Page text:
The 8th Annual London Conference Kick off your investment
  strategy to new frontiers

10 - 13 September 2018Emirates Stadium
London, England

A shifting backdrop

The prospect of a trade war, geopolitical changes centred on Iran and North Korea, the rising price of oil, a stronger US dollar, weaker commodity prices and a pivot in Chinese-led growth are among the key themes at play in 2018. Global investors will be carefully watching how these themes play out as they look for opportunities to deploy capital and capture growth from some of the world's fastest growing economies in frontier emerging markets.

Growth in select MENA and FEM economies will outpace the global average...

Global economic growth stood at 3.8% last year, the IMF estimates, and should tick up to 3.9% this year and next. Across our coverage universe, foreign capital flows are likely to continue favoring Egypt as the country delivers on its economic reform program, with falling interest rates and accelerating growth set to drive strong stock performance and positioning Egypt as a top pick within MENA and FEM. Nigeria is also at the forefront of FEM, where last year's devaluation, the recovery in oil prices and attractive valuations together promise good returns. .

...but EM face headwinds...

Emerging markets have been on a two-year rally that saw stocks and currencies hit their highest levels since 2007 – and institutional money flows into EM equities almost triple last year. As of early May, the MSCI Emerging Markets Currency Index has wiped out its year-to-date gains and investors have pulled more than USD 6 bn from EM bond markets since mid-April. US bond yields and a strong dollar will see capital inflows to emerging markets fall USD 43 bn this year to USD 1.22 trillion, the Institute of International Finance is now predicting. .

...is US policy (partly) to blame?

Federal Reserve Chairman Jerome Powell thinks the impact of US interest rate hikes on emerging markets "is often exaggerated," but the lure of 3% yields on 10-year US Treasuries — and the impact of a strengthening dollar — is difficult to ignore. The political backdrop is also in flux as the Trump administration withdraws from the Iran nuclear accord and rolls out a protectionist trade policy. s.

The greenback is on the march...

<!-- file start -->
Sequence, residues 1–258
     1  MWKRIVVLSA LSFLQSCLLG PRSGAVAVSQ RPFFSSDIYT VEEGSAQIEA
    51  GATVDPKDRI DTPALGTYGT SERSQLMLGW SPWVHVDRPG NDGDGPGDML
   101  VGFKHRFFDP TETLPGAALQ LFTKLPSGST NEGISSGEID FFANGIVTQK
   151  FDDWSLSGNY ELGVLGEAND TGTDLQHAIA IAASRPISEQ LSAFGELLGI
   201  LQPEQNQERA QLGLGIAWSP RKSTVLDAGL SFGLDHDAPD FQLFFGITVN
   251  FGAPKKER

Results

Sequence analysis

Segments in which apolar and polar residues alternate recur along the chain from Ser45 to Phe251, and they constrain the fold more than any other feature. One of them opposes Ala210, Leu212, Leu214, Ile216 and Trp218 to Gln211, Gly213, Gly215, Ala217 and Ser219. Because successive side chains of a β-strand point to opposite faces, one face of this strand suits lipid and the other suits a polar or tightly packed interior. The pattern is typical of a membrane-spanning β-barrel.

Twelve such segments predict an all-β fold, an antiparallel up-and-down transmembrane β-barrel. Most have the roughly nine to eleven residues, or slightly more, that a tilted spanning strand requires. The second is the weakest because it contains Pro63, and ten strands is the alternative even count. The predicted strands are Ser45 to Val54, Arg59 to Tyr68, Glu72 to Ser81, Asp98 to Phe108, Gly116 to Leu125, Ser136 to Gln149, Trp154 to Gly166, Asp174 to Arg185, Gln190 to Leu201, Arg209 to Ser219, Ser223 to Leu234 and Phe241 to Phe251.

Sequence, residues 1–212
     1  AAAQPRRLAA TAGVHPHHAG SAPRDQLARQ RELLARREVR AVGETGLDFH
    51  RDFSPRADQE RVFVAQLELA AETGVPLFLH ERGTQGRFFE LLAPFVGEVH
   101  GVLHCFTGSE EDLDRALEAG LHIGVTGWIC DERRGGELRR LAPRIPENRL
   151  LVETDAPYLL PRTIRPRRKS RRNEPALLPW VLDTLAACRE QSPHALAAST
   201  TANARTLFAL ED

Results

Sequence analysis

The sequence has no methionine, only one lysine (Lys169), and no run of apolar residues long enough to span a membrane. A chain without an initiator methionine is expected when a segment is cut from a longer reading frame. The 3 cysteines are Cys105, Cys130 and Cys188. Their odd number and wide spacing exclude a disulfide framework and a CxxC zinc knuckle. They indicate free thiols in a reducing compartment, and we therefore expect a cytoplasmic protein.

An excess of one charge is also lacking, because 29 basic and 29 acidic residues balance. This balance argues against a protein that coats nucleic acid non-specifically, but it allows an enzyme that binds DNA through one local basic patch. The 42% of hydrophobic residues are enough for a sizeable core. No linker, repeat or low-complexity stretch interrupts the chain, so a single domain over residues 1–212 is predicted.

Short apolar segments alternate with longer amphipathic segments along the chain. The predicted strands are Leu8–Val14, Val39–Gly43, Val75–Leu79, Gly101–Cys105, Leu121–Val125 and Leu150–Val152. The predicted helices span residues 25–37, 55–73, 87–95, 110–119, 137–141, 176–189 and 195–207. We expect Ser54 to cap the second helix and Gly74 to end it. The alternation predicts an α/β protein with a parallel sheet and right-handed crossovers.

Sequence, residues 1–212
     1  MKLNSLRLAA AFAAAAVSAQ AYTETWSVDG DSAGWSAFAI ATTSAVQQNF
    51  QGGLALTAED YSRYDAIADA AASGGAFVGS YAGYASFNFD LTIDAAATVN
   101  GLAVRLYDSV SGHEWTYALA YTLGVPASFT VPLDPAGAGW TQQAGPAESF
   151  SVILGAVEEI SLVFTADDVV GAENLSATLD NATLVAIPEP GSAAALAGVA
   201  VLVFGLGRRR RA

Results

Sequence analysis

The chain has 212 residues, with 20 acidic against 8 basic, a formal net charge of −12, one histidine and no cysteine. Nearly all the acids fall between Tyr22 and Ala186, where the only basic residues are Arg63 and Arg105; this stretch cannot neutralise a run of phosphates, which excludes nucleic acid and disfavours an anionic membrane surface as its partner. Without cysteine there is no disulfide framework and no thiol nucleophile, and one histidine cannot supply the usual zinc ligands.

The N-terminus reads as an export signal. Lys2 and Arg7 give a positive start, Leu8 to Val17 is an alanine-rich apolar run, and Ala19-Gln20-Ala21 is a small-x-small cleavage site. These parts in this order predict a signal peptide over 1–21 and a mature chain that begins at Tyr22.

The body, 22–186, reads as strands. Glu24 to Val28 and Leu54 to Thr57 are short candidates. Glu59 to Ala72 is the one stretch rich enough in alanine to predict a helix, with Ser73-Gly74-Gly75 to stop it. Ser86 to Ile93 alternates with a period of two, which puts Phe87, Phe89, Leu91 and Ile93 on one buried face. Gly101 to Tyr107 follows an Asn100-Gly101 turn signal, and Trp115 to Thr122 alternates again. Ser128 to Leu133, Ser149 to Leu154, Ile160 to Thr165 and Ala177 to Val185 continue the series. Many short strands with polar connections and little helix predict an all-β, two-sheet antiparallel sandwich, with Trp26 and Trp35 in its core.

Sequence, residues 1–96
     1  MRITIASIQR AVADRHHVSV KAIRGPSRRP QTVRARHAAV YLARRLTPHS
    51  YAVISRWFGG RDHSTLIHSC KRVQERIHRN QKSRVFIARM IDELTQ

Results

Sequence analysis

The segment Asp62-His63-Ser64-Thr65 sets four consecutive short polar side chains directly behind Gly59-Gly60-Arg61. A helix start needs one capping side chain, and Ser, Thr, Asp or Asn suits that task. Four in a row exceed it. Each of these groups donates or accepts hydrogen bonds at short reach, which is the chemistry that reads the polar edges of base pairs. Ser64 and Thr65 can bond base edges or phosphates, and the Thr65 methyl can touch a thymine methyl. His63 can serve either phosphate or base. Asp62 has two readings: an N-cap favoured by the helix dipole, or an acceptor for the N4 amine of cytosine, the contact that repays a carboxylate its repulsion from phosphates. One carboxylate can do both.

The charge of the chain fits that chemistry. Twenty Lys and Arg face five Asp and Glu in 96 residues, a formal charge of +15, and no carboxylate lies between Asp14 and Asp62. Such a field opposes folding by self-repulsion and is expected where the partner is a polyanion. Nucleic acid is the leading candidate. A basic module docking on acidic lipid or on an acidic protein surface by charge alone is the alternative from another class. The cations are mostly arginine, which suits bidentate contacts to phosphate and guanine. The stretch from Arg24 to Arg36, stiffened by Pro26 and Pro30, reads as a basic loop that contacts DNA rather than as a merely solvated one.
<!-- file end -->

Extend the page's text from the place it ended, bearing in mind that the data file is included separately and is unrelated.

It's the currency in which c. 40% of global trade is invoiced, and emerging markets collectively owe more than USD 2 trillion in USD-denominated debt. The US dollar has been on a tear in recent months, bolstered by higher short-term rates and quantitative easing at the US Federal Reserve, making the greenback more attractive to foreign investors: Yields on 10-year Treasuries are breaking the 3% mark with increasing frequency. Rising oil prices (prompted by the US decision to pull out of the Iran nuclear agreement) and a weaker euro are also bolstering the dollar.

...and so is oil

Oil above the USD 70 mark is good news for the oil exporters in our coverage universe from Nigeria to Saudi Arabia, but could present challenges to growth and fiscal reform drives in net importers including Egypt. Saudi Arabia and Russia have signalled they will continue their production cuts into 2019, and Saudi appears unlikely to use its excess capacity to plug the gap that could open as US sanctions threaten to take Iranian crude off the board. New sanctions on Iran will ripple across its traditional oil export markets, particularly refineries in the UAE and Asia.

Outlook for China and impact of FEM

Industrial commodity prices are likely to be weaker in 2018 as China's government focuses on quality rather than quantity of future growth. Look for rising nitrogen fertilizer prices and good long-term growth in demand for natural gas. China will likely continue to invest heavily in key frontier emerging markets, supporting growth and improving infrastructure.

Potential FTSE and MSCI market upgrades bode well for passive flows

In a world in which passively-managed funds are in many ways ascendant, upgrades to emerging markets status will unlock new flows for markets including Kuwait and Saudi Arabia. KSA will be included in FTSE Russell's secondary EM grouping in March 2019, joining Russia, China and India with a 2.7% weighting. Next up: A potential MSCI EM upgrade for Saudi Arabia and Kuwait. Vietnam, while a major frontier market, still has work to do on foreign ownership levels before it can join the watchlist for an MSCI upgrade.

Elections and political impact on MENA and FEM

Political overhangs will be a feature of multiple FEM markets in 2018 and into the new year. Investors are waiting to see how the US withdrawal from the Iran nuclear accord impacts regional economies and political stability. Voters in Pakistan go to the polls this year and investors are watching to ensure the reform momentum continues in Egypt after the recent presidential election. Investors in Saudi Arabia are closely following the emerging reform story, and value remains locked up in Qatar until such a time as the Gulf political outlook improves. Overall, tensions within MENA are likely to mean that a number of regional markets will trade at a discount for EM peers.